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Boomer bash bottom line benefits Lord’s Bounty through donation

Organizers from a community celebration last month have donated thousands in proceeds to the Lord’s Bounty Food Bank.
Organizers from the 60+ Boomer Bash present members of the Lords' Bounty Food Bank with a $9,594 donation at the food bank August 30. The proceeds from the event were donated to both the food bank and to CancerCare Manitoba.

Organizers from a community celebration last month have donated thousands in proceeds to the Lord’s Bounty Food Bank.

The people behind last month’s 60+ Boomer Bash presented a donation of $9,594 to the food bank August 30, the food bank’s biggest one-time non-grant donation in years. Proceeds from the event’s tickets and liquor sales were gathered up and, once all facility and supply fees were paid, all profit was donated.

“We’ve never received a monetary donation of that amount since I’ve been here outside of grants, and that’s nine years,” said Alison Dallas-Funk, the food bank’s executive director. Dallas-Funk said the money was more than the food bank’s normal annual food budget - a budget that was set to increase over the next year due to the increasing cost of food items and people needing food.

“Our annual food budget each year is usually around $6,000. Considering our increase in the last four months, we’re going to have to up our budget. The committee has wanted us to earmark that money to go toward purchasing food, so this takes pressure off of us and the inflation, which everyone is feeling right now. This is going to give us the leeway to up our food budget to $12,000 this year - double.”

The money itself came from the celebration held in August at the R.H. Channing Auditorium, not long before the Blueberry Jam Music Gathering held across town. Using word of mouth and social media pages, the event gained interest in Flin Flon’s wide-reaching diaspora, with former ‘Flonners from as far afield as B.C. and South America coming back to the north.

Sissel Bray, Greg East and Maureen Reagan took on the lion’s share of organizing the event and coordinated the donation.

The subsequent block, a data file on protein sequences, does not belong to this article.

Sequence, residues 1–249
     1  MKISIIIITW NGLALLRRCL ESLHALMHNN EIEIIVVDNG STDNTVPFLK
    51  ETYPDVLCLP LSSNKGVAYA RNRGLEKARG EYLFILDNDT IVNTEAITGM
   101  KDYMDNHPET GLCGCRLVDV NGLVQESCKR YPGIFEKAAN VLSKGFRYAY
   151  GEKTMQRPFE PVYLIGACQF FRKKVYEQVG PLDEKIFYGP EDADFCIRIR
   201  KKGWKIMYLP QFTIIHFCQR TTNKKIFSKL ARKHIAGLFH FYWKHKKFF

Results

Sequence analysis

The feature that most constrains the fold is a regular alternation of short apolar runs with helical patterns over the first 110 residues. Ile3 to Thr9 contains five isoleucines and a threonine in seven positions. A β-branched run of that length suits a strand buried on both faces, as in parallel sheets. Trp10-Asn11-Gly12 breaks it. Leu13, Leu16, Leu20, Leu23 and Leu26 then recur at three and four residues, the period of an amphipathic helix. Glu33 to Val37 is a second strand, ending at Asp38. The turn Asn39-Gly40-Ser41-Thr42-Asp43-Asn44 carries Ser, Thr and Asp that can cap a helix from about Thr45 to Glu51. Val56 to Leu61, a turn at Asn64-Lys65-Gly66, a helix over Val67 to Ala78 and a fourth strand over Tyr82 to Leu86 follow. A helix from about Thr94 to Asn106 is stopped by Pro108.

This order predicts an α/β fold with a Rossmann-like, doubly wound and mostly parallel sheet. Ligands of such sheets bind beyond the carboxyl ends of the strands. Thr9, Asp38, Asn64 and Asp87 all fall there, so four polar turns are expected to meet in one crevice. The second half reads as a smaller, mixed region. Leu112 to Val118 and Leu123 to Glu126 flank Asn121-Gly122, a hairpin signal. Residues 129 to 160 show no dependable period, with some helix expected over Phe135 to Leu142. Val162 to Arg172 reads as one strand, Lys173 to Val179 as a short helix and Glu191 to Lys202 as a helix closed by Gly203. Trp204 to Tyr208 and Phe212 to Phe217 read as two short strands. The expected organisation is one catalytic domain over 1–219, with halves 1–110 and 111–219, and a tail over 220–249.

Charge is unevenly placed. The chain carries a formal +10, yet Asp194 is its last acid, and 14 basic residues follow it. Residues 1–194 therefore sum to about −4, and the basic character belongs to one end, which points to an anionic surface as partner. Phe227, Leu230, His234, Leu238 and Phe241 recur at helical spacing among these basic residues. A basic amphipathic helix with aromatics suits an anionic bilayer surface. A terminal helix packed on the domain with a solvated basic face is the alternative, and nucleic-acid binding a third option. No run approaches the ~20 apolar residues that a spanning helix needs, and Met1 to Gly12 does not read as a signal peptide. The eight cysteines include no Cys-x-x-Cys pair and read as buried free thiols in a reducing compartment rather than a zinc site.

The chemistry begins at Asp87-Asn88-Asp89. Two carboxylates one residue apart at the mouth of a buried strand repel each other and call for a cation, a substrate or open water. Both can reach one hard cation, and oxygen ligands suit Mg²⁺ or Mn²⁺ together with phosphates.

“There were so many people who came from out of town - it was good for the local economy here,” said Reagan.

The party itself was meant as a celebration of Flin Flon’s past and a way for people with local ties to come together, with local music and entertainment. The tagline of the event was “one last kick at the can” - and on the subject of cans, the party featured custom-ordered beers from Neepawa-based Farmery Brewery which featured Flinty on the can’s label.

While organizers of events can sometimes squabble over what to do or where money should go, the trio said there was never any debate - the event’s proceeds were always going to the food bank. Along with the money donated to the food bank was another donation, this time to CancerCare Manitoba - $1,000 in total, made in memory of long-time Flin Flon musician and arts personality Susan Lethbridge.

“When we started organizing, there was no discussion over where it was going,” said Bray.

“When it was brought up, we all knew ‘Okay - this is what we’re doing.’ Nobody walked away or backed off because of that, said anything negative about that, which is really good.”

The organizers of the event say that around 400 people showed up for the event throughout the course of the evening. Social organizers thanked the musicians who took the stage and custodial staff at the community hall, along with support from committee members, the Flin Flon Recycling Centre, North of 53 Consumer’s Co-op, Eddie’s Family Foods and Gunn Sound and Light.

Dallas-Funk said the food bank has been seeing steadily increasing use for years, with the group having to expand its programming and food service to match the needs of the community.

“Last month, we had 424 people walk through here. If you think about our population, that’s pretty large. Out of that 424, 44 per cent are children - it’s not just singles or adults,” said Dallas-Funk.

“We are so fortunate from the support from everybody and how community-minded we are. We’re able to say that people can access food, five days a week, within our community, whether it’s through our lunch program or our food bank being open.”

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